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The Crowdfunding Alternative, Part 1: Before Launch

The post below is written by my editorial client Scott Plumbe, who came to me for the first time last year with a highly illustrated MG story about a fox named Theo who has some family secrets and a fascinating adventure across India and the Himalayas. It’s been really great working with Scott, and when he decided to independently release his book with a subscription model, I approached him to write a few articles about his experience.

I’m sure that a lot of my readers are curious about independent publishing and Kickstarter. As a freelance editor, I’m seeing more and more clients self-publishing or pursuing alternate paths to seeing their work in print or digital release. If a guy can make tens of thousands of dollars off of a potato salad, why can’t books get funded?

Here’s Scott’s first article about his process. I’ve contributed to his Kickstarter. If you’re curious, you can find the link here.

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The past few weeks have brought about a massive change of direction for me. I am officially starting a Kickstarter campaign. This post is the first of three in which I’ll share my crowdfunding experiences before, during and after my campaign.

I’m an illustrator who has always had a desire to tell my stories through words and pictures. Comics and graphic novels may seem the obvious choice, but the complexity of my story, The Unlucky Fox, isn’t suitable for either. Instead, I’m creating an illustrated novel of 60,000 words and over 100 pages of full-colour illustrations.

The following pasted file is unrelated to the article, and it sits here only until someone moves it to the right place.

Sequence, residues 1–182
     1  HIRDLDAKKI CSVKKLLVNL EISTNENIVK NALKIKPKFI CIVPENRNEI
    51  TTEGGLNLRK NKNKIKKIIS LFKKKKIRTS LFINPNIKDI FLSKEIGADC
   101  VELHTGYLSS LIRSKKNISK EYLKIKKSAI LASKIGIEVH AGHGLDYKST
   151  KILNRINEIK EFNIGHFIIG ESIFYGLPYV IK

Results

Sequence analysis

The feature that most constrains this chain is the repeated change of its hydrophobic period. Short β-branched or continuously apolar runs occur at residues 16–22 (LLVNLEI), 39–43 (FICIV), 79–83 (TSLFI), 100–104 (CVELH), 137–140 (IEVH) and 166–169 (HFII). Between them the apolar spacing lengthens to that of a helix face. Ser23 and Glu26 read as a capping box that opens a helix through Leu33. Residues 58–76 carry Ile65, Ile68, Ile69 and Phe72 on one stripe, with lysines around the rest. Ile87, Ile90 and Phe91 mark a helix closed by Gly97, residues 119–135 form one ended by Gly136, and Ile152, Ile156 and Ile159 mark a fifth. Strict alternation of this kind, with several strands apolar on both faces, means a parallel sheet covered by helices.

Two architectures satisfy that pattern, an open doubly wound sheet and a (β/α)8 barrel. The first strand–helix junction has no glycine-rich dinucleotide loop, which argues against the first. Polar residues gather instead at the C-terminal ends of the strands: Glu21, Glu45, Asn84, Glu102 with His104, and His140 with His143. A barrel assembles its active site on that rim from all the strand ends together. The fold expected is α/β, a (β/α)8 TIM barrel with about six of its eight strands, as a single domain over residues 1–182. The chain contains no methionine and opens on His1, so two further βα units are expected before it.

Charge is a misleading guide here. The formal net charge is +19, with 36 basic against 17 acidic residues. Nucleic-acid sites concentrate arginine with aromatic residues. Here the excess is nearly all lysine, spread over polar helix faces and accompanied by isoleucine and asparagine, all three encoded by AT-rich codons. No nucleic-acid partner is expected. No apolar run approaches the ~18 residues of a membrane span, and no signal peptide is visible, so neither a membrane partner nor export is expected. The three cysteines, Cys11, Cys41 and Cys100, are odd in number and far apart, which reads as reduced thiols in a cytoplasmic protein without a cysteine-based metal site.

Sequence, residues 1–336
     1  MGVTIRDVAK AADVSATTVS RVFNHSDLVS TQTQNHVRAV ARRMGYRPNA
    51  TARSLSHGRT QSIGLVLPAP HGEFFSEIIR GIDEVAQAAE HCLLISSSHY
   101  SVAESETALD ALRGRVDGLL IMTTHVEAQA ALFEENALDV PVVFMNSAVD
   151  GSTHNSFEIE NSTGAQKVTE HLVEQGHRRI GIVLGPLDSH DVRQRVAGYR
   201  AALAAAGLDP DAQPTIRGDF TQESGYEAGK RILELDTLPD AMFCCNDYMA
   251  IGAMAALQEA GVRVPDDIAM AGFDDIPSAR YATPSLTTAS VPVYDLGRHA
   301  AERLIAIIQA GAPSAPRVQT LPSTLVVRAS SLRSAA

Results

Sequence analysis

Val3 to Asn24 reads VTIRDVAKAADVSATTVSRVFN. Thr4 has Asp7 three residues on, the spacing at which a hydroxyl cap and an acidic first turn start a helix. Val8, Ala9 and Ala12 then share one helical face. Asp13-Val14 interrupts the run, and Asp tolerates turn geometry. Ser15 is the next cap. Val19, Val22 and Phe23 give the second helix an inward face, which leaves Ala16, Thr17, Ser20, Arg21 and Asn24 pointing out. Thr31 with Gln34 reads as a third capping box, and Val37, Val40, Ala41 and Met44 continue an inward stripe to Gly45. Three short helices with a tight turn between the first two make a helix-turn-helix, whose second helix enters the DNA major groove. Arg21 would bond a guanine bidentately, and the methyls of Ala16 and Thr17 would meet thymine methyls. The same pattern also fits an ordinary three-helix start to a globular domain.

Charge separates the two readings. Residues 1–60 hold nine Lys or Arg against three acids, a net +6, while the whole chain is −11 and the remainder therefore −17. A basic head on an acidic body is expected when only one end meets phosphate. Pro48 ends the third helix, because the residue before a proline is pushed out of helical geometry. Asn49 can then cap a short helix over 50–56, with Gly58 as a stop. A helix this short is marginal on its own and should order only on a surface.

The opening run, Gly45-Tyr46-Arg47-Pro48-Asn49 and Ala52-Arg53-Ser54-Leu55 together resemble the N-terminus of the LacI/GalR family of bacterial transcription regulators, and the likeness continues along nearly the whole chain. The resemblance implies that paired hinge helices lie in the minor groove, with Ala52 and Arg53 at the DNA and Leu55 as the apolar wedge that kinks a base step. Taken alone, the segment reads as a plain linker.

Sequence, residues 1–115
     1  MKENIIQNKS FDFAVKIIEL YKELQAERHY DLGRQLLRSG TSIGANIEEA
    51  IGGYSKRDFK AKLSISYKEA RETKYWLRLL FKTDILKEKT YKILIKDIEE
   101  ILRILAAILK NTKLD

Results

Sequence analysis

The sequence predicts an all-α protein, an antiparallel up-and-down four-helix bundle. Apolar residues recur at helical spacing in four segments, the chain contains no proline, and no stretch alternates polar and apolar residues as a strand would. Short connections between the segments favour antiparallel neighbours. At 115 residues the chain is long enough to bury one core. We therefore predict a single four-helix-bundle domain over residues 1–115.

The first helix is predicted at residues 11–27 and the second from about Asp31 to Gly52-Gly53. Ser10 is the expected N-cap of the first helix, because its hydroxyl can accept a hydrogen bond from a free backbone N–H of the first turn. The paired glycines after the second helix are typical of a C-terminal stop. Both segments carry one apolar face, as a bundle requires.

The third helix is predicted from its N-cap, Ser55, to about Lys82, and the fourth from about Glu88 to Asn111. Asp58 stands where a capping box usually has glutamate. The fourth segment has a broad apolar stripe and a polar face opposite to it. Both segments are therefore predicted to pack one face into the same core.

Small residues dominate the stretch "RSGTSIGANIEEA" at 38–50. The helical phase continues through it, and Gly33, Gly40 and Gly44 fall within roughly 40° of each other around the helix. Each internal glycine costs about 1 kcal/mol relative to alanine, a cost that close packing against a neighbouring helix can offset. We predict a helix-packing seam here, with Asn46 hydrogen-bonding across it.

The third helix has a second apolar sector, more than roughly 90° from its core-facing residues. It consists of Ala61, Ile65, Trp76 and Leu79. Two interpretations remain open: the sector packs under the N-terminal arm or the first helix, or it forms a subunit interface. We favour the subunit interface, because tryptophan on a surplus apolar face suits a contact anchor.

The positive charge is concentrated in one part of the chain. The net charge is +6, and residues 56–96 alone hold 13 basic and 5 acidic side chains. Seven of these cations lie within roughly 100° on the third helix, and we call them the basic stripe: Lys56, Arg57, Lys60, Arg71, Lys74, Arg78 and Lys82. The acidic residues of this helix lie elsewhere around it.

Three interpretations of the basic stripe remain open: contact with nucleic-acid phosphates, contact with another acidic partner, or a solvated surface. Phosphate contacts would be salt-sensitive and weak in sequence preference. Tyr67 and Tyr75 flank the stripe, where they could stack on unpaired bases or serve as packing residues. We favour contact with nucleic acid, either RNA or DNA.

After much consideration, I’ve chosen to launch the story through the crowdfunding platform, Kickstarter. I’m offering potential backers a monthly subscription to the story. Every four weeks, backers receive a fresh chapter replete with newly completed illustrations.

Why crowdfunding instead of other emerging or traditional avenues?
Being a freelance artist who has never sought representation, I have a strong streak of DIY in me. And without that characteristic, I don’t think anyone could undertake a crowdfunding campaign.

Why Kickstarter?
There are numerous crowdfunding options out there, including Indiegogo. I like the inherent risk aspect of KS — it’s all or nothing! If a campaign fails to meet its target, no money is collected from your backers. This prospect weeds out a lot of potential creators who are not as confident. It places those campaigns that do launch with KS amongst a community of like-minded creators and entrepreneurs. I believe the core KS users are creative types. That means artists, designers, innovators and makers — people accustomed to calculated risks. And let’s face it. As a debut writer, I’m a risk! By choosing KS and sharing the process of bringing my project to life, I hope to reduce the unknown and gain some support along the way.

What kind of preparation is involved?
I took a full year to decide on my current path. During that time, I followed KS projects and undertook a major revision of my manuscript. I also sketched out a list of ideas for possible rewards and sourced suppliers. I’ve spent the last six weeks putting that plan into action. That means finalizing the rewards, writing my pitch, making the video and a website to support it all. I also poked around and made a list of blogs and local news outlets to send press releases to.

Why an incremental subscription release model?
From a traditional publishing perspective, as a first-time author I have many challenges. Not only is it a hurdle to promote the work of a debut author, but add on top of that my desire for accompanying colour artwork! It has taken nearly four years to bring the manuscript this close to completion, but I still have heaps of artwork to finish. I decided to take my cue from the world of comics and TV serials and break up the delivery of the story. Interestingly, some anecdotal evidence from friends in the gaming industry suggests that many game studios are moving away from the traditional Hollywood ‘tentpole’ model, pushing projects forward with incremental expansion instead. They deliver their content in small doses, rather than one big launch. Studios are taking less risk and getting instant audience feedback as they progress. In their case, the result is a product that essentially has no end and can lead to a more empowered fan base.